CPI disappoints on the upside; IIP growth on the downside…
The macro numbers that came out this week were disappointing in more ways than one. To begin with, the inflation number at 5% was much higher than expected. It was not only higher than the previous month, but also much higher than the consensus estimates. On the other hand, growth in IIP (Index of Industrial Production) came in at a mere 3.7%, much lower than expectations. These data points could be quite critical from a regulatory standpoint. Let us understand how!
Food inflation is back…
Inflation was always going to be higher once the base effect had started waning. Dr. Rajan had already warned in his previous credit policies that the real picture of inflation may emerge only from November onwards. The inflation for the last month is already at 5% and is pretty close to the long term average estimate of 5.5% put out by the RBI. Hence the leeway for inflation from these levels is quite limited.
Inflation during the month was largely driven by food inflation, where we saw a sharp increase in the prices of lentils. Over the last few weeks, the governments at the centre and the states have been fighting an uphill battle against hoarders of pulses to bring the price back to rational levels. While a semblance of control seems to be returning to food inflation, it continues to be a tinderbox which could flare up any time.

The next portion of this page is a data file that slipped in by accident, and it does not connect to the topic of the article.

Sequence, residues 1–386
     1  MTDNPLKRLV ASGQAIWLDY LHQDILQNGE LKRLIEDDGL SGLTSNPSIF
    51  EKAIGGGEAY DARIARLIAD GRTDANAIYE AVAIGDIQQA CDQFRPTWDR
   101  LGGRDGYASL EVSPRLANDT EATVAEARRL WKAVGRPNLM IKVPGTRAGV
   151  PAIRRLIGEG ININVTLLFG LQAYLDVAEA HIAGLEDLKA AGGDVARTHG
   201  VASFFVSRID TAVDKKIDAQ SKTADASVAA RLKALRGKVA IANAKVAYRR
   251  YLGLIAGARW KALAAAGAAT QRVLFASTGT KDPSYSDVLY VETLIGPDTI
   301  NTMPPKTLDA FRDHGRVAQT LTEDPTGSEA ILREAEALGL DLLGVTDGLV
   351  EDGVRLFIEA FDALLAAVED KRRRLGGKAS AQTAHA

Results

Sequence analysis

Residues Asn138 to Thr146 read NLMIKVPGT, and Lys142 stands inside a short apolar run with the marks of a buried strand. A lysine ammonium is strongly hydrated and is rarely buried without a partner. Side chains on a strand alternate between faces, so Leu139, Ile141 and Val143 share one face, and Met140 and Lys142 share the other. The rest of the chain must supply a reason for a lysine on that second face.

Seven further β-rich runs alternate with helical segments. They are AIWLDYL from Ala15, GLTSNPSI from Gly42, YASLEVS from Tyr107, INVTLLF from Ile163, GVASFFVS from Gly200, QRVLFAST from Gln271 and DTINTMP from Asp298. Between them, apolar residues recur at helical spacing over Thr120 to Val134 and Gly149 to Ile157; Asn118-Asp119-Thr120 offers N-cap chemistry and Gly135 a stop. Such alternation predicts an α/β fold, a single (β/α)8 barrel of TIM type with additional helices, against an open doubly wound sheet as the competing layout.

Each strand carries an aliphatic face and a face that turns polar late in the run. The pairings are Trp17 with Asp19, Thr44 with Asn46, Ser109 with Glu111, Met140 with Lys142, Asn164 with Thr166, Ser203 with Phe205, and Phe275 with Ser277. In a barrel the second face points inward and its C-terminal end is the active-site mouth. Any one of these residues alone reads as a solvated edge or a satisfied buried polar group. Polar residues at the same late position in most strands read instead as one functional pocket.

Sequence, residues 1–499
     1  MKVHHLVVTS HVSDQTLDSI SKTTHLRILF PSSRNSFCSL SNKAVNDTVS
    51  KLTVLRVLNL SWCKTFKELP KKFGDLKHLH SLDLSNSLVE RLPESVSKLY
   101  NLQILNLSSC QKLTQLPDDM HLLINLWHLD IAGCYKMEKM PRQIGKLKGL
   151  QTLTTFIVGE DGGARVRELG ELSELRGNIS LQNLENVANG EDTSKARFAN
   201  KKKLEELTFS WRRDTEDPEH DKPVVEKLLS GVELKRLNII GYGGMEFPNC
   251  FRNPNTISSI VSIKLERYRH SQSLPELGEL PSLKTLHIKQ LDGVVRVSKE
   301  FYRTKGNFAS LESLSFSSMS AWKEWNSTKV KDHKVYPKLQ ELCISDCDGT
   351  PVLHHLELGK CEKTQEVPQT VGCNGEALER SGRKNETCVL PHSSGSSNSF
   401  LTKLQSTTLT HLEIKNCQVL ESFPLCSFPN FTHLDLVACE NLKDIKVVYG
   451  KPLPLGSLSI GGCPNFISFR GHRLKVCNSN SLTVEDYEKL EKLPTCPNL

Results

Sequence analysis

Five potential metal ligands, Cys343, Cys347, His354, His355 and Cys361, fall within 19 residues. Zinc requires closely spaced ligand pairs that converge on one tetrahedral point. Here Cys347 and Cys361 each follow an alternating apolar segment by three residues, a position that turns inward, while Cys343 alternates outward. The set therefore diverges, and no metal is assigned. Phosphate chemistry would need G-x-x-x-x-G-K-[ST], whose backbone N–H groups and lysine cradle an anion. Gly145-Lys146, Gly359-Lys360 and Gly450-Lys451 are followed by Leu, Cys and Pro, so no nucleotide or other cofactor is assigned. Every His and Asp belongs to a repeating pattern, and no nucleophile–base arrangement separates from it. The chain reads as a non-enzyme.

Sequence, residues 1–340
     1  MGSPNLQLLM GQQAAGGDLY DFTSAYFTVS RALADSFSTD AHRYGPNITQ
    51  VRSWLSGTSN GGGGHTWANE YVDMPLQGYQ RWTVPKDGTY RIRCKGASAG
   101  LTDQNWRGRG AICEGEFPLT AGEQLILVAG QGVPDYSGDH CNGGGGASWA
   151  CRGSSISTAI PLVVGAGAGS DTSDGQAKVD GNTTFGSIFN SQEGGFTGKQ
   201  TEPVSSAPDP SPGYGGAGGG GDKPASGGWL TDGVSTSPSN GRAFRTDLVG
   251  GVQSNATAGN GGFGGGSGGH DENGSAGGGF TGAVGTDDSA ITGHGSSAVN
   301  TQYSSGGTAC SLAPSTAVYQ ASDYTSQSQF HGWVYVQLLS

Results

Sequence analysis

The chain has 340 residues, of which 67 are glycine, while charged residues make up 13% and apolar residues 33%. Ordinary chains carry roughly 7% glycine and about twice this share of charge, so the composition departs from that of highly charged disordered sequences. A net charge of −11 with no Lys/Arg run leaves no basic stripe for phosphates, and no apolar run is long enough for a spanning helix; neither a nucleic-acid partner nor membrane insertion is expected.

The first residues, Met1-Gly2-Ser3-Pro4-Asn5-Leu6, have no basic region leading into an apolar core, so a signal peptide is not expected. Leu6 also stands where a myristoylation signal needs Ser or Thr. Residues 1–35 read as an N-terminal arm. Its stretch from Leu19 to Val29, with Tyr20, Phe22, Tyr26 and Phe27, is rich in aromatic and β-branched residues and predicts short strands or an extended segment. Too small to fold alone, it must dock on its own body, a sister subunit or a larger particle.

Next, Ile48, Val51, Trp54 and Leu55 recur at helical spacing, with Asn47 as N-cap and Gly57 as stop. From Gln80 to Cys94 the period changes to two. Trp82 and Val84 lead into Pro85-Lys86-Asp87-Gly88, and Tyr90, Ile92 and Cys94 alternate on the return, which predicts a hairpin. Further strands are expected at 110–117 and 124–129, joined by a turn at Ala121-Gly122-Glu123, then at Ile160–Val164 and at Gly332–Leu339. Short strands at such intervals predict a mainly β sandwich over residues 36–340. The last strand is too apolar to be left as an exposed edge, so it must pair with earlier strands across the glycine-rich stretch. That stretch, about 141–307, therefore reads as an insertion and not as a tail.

IIP is too erratic for comfort…
The erratic nature of IIP is another major cause for worry for the government. The India story is now predicated on the ability to sustain growth at closer to 8% over the next 3 years. Since IIP is an important constituent of GDP growth, pressure on GDP is likely to be visible. If the number slips closer to 7% then it could have negative repercussions for Indian as an investment destination.
The downslide in IIP during the last month was largely driven by mining. But the real worry has been the erratic nature of the IIP over the past few months that is beginning to raise doubts over the GDP target.
What it means for policy?
In simple language this data means that the RBI will not be cutting rates in December. Rajan will be keen to ensure that inflation stays within the RBI comfort zone and hence a rate cut is virtually ruled out. Also as the Fed gets closer to a rate hike in December, the RBI will want to ensure that Indian rates are attractive enough for debt inflows. A rate cut was anyway a remote possibility in December. The inflation data has only underscored the need to hold rates. ©
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